Posts with «3d printer hacks» label

Lego Ziplining Robot Climbs for Claps

The internet has given us plenty of cool robotics projects, but we don’t think we’ve seen one zipline before. At least not until now.

This cool little ziplining robot is courtesy of the folks over at [Tart Robotics]. As they described it, the robot moves using a 4-bar linkage mechanism with the motor’s torque “transferred to the arm mechanisms through a pair of bevel gears and a worm drive.” Even cooler, the robot is activated by clapping. The faster you clap, the faster the robot moves. That’s sure to wow your friends at your next virtual hacker meetup.

They had to do a bit of custom 3D printing work to get a few of the Lego components to connect with their non-Lego off-the-shelf bits, so that took a bit of time. Specifically, they had some cheap, non-branded DC motors that they used that did not naturally mate with the Lego Technic components used to create the rest of the robot’s body. Nothing a few custom 3D printing jobs couldn’t solve.

It always amazes us what cool contraptions you can put together with a few Lego blocks. What’s your favorite Lego project?

DIY Baby MIT Cheetah Robot

3D printers have become a staple in most makerspaces these days, enabling hackers to rapidly produce simple mechanical prototypes without the need for a dedicated machine shop. We’ve seen many creative 3D designs here on Hackaday and [jegatheesan.soundarapandian’s] Baby MIT Cheetah Robot is no exception. You’ve undoubtedly seen MIT’s cheetah robot. Well, [jegatheesan’s] hack takes a personal spin on the cheetah robot and his results are pretty cool.

The body of the robot is 3D printed making it easy to customize the design and replace broken parts as you go. The legs are designed in a five-bar linkage with two servo motors controlling each of the four legs. An additional servo motor is used to rotate an HC-SR04, a popular ultrasonic distance sensor, used in the autonomous mode’s obstacle avoidance mechanism. The robot can also be controlled over Bluetooth using an app [jegatheesan] developed in MIT App Inventor.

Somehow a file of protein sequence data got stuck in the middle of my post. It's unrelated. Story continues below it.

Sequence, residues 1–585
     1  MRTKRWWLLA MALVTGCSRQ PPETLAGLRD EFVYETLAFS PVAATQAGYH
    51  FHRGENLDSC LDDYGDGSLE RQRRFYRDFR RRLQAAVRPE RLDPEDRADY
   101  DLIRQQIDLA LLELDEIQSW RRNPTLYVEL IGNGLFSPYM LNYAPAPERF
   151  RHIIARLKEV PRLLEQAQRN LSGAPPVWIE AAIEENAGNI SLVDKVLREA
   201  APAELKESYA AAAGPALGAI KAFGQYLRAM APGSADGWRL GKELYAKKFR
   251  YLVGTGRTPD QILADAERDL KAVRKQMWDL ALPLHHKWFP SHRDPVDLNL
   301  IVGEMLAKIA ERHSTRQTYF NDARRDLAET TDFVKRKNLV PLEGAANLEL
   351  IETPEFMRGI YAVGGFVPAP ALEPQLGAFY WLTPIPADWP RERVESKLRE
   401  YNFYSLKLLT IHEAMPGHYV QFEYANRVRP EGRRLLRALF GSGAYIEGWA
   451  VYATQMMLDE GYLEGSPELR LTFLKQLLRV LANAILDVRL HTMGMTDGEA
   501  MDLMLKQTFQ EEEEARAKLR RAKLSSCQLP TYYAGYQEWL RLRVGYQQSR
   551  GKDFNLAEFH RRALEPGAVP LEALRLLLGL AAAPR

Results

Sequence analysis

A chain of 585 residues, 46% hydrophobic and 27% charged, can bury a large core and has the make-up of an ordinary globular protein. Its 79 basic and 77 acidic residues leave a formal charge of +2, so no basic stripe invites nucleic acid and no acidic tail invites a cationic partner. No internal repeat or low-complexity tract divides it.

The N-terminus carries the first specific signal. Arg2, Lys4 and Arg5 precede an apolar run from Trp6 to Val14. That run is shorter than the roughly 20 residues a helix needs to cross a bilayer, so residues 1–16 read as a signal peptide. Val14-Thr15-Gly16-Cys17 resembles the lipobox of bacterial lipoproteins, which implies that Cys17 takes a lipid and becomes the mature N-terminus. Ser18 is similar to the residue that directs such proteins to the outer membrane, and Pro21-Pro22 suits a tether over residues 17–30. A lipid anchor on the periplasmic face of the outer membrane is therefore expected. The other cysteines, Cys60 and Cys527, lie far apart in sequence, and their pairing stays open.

Overall, the mechanics could use a bit of work — [jegatheesan’s] baby cheetah probably won’t outpace MIT’s robot any time soon — but it’s a cool hack and we’re looking forward to a version 3. Maybe the cheetah would make a cool companion bot?

Robotic Biped Walks On Inverse Kinematics

Robotics projects are always a favorite for hackers. Being able to almost literally bring your project to life evokes a special kind of joy that really drives our wildest imaginations. We imagine this is one of the inspirations for the boom in interactive technologies that are flooding the market these days. Well, [Technovation] had the same thought and decided to build a fully articulated robotic biped.

Each leg has pivot points at the foot, knee, and hip, mimicking the articulation of the human leg. To control the robot’s movements, [Technovation] uses inverse kinematics, a method of calculating join movements rather than explicitly programming them. The user inputs the end coordinates of each foot, as opposed to each individual joint angle, and a special function outputs the joint angles necessary to reach each end coordinate. This part of the software is well commented and worth your time to dig into.

In case you want to change the height of the robot or its stride length, [Technovation] provides a few global constants in the firmware that will automatically adjust the calculations to fit the new robot’s dimensions. Of all the various aspects of this project, the detailed write-up impressed us the most. The robot was designed in Fusion 360 and the parts were 3D printed allowing for maximum design flexibility for the next hacker.

Maybe [Technovation’s] biped will help resurrect the social robot craze. Until then, happy hacking.

No Need for Speed with This Arduino-Based Inkjet Printer

When it comes to computers, it seems like the only thing that matters is speed. The more the better, in general, and the same applies to peripherals. We want the fastest network adapters, the fastest video card, and the fastest printer. So why in the world would anyone intentionally build a really slow inkjet printer? For art, of course.

At least that’s the story [HomoFaciens] tells us in the video below. His efforts are in support of a friend’s art project, which seeks to print slowly but continuously on a roll of paper. [HomoFaciens]’s printer is based on an H-P C6602 inkjet cartridge, one of those high-priced consumables that make buying a new printer more attractive than replacing them once depleted. After figuring out how to drive the printhead — 5 to 6 μs pulses of 18 volts through a ULN2803 Darlington array driver chip seemed to do the trick — he mounted everything to the gantry of an old 3D printer. It’s interesting to watch the images slowly being built up — something that printers usually hide from prying eyes — and to see how the DPI count of the printer can be increased by interlacing each printed line.